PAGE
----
While it feels like it’s been a long time since a romantic comedy came to theatres from a major studio, it has been even longer (25 years in fact) since an all-Westernised Asian cast was featured in Hollywood (1993’s “The Joy Luck Club”). Considering we’ve had more than 30 Adam Sandler films in that time, this film certainly highlights the under-representation of Asian roles on screen.
So yes, there’s a lot of pressure on this film to perform, one novelist Kevin Kwan and director John M. Chu added to their shoulders when they turned down a massive pay day from Netflix in order to ensure an Asian American film would hit the cinemas once at least once this decade.
But if they were feeling the pressure, they don’t show it. “Crazy Rich Asians” goes straight to the top of the romantic comedy rich list.
It’s funny, it’s poignant, it looks great, and it makes a film about the one per cent of Asia surprisingly relateable.
The story follows New Yorker Rachel Chu (Constance Wu) as she accompanies her long-time boyfriend, Nick Young (Henry Golding), to his best friend’s wedding in Singapore. Excited about visiting Asia for the first time but nervous about meeting Nick’s family, Rachel is unprepared to learn that Nick has neglected to mention a few key details about his life. Not only is he the scion of one of the country’s wealthiest families, but also one of its most sought-after bachelors. Being on Nick’s arm puts a target on Rachel’s back, with jealous socialites and, worse, Nick’s own disapproving mother (Michelle Yeoh) taking aim.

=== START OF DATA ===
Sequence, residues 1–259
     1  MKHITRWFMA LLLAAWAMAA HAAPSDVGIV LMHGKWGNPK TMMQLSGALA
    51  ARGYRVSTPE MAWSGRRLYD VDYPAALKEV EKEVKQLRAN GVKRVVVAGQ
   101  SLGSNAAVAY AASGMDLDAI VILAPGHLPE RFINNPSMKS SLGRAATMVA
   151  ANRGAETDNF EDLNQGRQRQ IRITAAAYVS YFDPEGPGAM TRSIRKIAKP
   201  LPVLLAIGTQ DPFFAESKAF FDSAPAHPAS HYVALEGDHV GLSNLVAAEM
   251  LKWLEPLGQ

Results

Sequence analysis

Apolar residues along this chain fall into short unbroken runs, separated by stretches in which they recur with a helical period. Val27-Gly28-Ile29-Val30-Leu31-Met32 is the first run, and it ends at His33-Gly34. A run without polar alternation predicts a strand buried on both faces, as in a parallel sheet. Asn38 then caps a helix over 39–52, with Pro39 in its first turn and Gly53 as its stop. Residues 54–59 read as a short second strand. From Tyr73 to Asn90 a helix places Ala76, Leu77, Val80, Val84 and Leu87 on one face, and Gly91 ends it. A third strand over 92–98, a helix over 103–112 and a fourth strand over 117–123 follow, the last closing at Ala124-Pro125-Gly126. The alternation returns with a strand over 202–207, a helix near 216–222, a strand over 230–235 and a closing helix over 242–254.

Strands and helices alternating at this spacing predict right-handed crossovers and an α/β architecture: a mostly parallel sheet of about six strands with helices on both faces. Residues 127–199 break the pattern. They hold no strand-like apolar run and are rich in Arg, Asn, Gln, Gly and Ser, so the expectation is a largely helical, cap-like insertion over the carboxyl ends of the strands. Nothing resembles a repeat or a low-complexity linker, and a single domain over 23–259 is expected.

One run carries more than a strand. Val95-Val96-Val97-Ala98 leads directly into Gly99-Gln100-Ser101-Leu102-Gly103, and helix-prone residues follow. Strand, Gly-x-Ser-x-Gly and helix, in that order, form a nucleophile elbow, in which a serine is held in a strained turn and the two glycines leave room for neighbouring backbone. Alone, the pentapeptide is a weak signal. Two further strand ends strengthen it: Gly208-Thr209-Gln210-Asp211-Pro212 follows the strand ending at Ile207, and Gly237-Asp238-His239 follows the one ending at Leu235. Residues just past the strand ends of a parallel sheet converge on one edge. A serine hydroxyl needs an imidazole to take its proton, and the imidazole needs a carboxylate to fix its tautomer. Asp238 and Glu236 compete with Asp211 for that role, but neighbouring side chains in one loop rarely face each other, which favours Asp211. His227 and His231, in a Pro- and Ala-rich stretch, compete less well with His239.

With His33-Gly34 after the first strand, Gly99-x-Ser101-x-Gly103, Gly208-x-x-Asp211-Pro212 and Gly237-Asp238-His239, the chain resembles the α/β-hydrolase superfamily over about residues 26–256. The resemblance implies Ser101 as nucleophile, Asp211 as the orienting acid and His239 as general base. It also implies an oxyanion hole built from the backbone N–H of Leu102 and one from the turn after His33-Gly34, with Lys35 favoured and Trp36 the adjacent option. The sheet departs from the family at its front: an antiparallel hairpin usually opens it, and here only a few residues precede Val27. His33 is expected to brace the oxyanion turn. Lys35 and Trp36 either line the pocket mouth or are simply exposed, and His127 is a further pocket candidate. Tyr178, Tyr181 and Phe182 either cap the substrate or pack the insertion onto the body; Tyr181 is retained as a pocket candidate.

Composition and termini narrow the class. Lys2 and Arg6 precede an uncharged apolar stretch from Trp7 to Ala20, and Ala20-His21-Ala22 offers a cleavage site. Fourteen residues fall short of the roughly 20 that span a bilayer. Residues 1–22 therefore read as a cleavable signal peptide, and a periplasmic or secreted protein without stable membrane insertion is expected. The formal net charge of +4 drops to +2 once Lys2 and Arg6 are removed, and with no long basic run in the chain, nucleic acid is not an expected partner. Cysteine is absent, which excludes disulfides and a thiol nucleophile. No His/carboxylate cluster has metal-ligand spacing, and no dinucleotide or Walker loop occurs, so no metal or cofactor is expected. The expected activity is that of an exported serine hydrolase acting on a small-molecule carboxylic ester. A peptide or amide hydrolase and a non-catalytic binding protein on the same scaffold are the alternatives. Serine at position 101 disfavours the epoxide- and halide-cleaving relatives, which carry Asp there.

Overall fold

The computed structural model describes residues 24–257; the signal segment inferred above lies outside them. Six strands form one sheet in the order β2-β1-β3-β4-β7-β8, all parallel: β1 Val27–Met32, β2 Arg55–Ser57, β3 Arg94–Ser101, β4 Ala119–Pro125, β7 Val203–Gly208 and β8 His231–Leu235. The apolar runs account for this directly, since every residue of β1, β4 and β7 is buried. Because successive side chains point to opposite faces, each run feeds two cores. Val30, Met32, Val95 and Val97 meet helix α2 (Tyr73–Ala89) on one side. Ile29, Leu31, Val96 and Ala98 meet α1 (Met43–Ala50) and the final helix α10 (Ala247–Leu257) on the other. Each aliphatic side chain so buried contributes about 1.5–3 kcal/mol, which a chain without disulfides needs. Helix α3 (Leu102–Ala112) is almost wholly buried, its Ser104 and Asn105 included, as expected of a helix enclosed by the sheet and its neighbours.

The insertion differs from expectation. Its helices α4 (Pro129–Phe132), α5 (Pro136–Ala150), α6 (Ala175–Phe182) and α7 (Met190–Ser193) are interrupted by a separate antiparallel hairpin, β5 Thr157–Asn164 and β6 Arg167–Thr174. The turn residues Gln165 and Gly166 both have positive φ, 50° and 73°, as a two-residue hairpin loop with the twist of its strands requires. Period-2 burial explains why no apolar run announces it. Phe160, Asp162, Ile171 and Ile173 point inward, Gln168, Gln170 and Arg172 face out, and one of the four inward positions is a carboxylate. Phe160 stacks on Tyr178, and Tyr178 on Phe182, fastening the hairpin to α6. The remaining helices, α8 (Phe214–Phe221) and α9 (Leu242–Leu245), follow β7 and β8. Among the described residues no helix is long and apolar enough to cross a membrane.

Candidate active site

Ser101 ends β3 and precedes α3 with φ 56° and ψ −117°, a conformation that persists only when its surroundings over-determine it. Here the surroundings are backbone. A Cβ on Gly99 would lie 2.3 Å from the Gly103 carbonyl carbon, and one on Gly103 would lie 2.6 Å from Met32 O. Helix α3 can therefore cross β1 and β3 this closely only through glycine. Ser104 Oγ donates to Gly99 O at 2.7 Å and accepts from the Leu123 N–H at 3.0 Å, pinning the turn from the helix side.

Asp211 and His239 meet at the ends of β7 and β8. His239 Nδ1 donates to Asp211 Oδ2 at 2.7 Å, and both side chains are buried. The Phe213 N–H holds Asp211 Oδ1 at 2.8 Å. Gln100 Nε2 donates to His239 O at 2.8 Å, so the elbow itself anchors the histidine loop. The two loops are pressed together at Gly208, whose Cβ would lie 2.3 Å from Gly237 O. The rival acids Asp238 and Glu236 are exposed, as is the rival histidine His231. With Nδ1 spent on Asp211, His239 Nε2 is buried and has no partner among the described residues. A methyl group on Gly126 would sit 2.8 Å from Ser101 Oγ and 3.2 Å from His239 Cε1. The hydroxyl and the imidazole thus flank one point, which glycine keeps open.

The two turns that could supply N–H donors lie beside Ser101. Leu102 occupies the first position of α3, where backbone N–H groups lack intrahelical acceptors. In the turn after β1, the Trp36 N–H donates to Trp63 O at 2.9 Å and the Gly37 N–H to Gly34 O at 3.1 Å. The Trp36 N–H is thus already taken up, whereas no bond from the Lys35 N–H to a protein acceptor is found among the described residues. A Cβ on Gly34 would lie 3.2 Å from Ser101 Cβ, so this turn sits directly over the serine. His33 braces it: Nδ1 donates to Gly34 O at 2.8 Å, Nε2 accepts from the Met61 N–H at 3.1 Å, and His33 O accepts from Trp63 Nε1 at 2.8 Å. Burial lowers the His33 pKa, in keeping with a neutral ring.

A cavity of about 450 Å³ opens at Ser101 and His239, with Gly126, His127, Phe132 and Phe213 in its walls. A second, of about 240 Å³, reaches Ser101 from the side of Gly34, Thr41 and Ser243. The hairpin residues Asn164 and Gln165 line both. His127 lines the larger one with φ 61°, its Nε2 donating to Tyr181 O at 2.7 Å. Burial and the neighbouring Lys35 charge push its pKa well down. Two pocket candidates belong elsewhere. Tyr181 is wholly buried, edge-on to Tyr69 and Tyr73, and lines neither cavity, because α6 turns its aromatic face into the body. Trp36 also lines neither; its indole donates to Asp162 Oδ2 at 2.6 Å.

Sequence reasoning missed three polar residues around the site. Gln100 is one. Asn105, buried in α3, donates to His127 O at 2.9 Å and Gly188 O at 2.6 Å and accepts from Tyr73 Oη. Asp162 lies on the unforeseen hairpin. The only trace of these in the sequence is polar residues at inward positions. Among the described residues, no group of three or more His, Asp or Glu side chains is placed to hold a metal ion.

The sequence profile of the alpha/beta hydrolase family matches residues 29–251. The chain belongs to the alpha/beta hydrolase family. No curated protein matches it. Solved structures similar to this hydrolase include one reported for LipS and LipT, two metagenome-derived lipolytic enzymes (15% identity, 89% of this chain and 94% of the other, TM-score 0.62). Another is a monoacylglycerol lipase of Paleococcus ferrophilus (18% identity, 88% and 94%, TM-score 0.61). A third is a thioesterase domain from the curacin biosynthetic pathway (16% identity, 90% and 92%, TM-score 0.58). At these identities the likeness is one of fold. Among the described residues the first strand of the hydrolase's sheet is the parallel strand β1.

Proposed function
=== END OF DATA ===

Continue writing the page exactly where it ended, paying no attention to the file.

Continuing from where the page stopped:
This is the kind of film you can enjoy multiple viewings of, and may even become this decade’s “Devil Wears Prada” as an endearing (not so guilty) pleasure. The casting is spot on, with an incredibly likeable turn from Constance Wu and Henry Golding as the central couple and essentially the straight roles of the film – a hard thing to pull off with so many colourful characters around them. Michelle Yeoh brings complexity to what could be easily be a two-dimensional disapproving mother-in-law stereotype, Gemma Chan as Astrid is the embodiment of class, and a shout-out to Awkwafina, Ken Jeong, Ronny Chieng and Nick Santos for pulling off the biggest laughs.
The production is also superb, with a classic and colourful styling that nails the essence of the book, and demonstrates Warner Bros’ investment in getting this right.
How this film performs will determine whether we have to wait another 25 years to see an all-Westernised Asian cast on screen again. Given this is an adaption of the first book in a trilogy, let’s hope it’s not so long.